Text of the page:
At least 30 Air Zimbabwe passengers had a mid-air scare yesterday morning after one of the engines of a Boeing 737 plane they were flying in from Harare to Victoria Falls developed a mechanical fault minutes after take off.
The pilot was forced to make a U-turn 20 minutes after take off from the Harare International Airport and landed safely. No one was injured.
The passengers, who boarded the plane around 8am, were delayed for more than eight hours at the airport after landing.
They left around 3.30pm aboard an Embraer ERJ 145 Jet that the airline provided as a replacement.
Air Zimbabwe public relations executive Mrs Shingai Dhliwayo said all passengers and crew-members were safe.
"There was an air-turn back on the Harare-Victoria Falls flight this (yesterday) morning after the captain detected a technical fault," she said.
"The air-turn back was one of the safety decisions that had to be made."
Mrs Dhliwayo said the aircraft, through its systems, alerted the captain that there was a fault.
"When given warning signs, you have to respond and that is why we made a safety decision as one of our culture elements," she said. "Purely to us, it is a safety decision."
Mrs Dhliwayo said the plane was attended to by engineers after landing and was ready to fly again.
A source at the airport said the aircraft was forced to make a U-turn after one of its engines caught fire under unclear circumstances.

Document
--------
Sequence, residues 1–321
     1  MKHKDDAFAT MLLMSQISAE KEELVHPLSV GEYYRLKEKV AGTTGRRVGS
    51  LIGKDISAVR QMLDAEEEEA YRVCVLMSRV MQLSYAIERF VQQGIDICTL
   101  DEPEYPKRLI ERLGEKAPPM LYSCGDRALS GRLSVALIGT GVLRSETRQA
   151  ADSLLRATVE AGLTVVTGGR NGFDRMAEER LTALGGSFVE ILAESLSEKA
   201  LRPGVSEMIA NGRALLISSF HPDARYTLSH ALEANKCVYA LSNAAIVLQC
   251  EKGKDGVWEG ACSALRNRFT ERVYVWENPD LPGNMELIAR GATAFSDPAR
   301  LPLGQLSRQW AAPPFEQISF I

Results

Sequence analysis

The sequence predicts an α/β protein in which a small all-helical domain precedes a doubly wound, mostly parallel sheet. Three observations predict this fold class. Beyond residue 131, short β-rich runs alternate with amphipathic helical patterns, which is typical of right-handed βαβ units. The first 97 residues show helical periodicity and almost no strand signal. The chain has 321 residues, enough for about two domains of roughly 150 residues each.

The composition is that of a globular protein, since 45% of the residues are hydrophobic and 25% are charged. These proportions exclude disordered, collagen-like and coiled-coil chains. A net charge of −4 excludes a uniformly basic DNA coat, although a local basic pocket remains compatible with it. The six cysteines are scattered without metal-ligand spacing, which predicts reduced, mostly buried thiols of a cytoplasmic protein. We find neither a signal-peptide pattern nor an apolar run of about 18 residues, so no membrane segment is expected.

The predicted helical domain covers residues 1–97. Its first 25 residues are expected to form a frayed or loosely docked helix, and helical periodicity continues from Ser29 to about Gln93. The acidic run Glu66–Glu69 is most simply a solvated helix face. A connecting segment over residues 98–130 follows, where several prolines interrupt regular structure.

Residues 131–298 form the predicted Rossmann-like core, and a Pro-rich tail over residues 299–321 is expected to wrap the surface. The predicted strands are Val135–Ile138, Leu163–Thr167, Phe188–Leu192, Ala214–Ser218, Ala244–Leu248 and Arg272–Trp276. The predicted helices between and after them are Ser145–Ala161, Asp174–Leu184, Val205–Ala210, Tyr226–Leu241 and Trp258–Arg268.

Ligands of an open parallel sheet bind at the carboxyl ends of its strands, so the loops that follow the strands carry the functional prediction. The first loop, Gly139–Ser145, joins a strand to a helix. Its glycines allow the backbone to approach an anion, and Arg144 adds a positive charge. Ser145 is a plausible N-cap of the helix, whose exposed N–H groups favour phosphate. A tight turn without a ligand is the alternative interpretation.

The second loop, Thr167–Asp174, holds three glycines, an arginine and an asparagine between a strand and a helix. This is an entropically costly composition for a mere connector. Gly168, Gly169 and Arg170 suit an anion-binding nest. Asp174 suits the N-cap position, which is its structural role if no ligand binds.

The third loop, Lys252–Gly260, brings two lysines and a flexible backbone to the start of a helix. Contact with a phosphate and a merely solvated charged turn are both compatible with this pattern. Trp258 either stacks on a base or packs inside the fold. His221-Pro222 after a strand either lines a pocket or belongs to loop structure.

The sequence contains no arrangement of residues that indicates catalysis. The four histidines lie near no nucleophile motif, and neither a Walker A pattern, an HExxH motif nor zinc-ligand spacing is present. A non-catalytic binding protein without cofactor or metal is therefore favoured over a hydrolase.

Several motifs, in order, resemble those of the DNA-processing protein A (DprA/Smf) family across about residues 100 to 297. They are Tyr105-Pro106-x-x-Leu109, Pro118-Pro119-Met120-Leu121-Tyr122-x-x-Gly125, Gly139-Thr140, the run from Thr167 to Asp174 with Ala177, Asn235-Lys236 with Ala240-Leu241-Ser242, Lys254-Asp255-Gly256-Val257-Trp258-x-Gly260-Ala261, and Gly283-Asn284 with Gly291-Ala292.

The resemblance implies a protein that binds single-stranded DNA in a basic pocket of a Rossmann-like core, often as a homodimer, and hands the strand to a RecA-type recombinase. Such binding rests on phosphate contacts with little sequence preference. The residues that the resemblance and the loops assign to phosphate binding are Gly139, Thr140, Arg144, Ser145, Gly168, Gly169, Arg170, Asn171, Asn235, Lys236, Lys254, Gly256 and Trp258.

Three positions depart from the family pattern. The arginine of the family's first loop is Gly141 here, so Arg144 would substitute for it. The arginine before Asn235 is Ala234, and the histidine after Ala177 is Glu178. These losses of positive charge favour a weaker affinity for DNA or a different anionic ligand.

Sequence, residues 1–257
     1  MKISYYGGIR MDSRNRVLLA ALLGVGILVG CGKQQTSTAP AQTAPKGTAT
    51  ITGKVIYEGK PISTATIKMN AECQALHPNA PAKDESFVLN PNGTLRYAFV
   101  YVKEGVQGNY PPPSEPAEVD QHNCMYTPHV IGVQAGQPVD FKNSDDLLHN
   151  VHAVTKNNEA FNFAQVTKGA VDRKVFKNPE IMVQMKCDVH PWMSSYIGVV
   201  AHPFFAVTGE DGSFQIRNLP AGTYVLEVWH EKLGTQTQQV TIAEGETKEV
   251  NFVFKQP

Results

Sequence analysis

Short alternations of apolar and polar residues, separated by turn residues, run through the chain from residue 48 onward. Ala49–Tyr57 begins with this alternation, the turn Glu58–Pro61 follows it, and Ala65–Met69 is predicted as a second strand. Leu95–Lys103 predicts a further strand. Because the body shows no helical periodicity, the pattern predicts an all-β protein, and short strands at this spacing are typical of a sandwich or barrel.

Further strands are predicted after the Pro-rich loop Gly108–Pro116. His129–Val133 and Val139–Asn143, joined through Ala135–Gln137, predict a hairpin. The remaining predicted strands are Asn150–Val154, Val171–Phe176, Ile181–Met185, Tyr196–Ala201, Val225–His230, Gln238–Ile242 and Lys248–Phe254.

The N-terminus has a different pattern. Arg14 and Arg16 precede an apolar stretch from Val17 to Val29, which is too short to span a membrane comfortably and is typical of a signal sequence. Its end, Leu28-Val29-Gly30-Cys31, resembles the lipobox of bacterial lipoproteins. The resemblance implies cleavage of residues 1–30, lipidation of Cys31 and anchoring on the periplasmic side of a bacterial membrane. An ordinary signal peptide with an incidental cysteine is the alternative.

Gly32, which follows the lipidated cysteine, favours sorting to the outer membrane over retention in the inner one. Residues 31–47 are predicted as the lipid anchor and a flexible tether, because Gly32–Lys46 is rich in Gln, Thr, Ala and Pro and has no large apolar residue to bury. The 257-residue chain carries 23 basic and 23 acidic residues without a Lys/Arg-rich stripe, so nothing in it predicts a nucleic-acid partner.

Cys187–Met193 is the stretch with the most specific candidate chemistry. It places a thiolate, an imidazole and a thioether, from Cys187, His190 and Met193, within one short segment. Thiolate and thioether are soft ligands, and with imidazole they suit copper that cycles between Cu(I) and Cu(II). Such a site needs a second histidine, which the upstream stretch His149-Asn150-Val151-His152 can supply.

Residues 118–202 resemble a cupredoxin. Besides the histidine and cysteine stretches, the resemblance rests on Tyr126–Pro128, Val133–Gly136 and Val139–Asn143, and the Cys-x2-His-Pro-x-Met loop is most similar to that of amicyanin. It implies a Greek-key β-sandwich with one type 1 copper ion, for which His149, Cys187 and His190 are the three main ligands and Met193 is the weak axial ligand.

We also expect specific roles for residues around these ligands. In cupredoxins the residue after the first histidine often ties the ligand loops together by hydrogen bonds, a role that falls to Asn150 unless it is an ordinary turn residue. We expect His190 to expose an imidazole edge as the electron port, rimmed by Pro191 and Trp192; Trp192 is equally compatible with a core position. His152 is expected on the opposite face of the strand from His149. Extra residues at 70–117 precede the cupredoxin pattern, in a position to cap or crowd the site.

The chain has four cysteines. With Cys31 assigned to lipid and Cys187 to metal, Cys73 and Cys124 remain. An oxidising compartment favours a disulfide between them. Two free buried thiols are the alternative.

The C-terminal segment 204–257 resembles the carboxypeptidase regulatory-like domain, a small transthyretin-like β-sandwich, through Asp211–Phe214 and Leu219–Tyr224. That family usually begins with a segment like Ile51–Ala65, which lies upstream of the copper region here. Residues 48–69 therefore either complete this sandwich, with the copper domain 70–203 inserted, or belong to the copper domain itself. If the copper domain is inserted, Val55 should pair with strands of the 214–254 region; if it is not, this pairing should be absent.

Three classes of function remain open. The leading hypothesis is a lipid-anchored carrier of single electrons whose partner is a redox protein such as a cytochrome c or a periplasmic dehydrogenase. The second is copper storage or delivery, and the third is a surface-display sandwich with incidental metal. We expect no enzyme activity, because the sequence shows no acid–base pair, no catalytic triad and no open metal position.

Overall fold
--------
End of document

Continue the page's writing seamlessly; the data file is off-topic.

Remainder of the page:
"All I know is that one of the engines of the aircraft caught fire, that is between 15 and 20 minutes after taking off, but it returned and landed safely on the domestic terminal," said the source.
In October last year, Air Zimbabwe sued the Civil Aviation Authority of Zimbabwe for over US$8,5 million for damages after its plane hit wild pigs on the runway three years earlier.
The incident occurred in November 2009 as the plane prepared to take off from the Harare International Airport, resulting in the flight from Harare to Bulawayo being cancelled.
None of the four-crew members on board was injured.
Despite such incidents, Air Zimbabwe's safety record remains intact as the national airline has not been involved in any major accident since independence in 1980.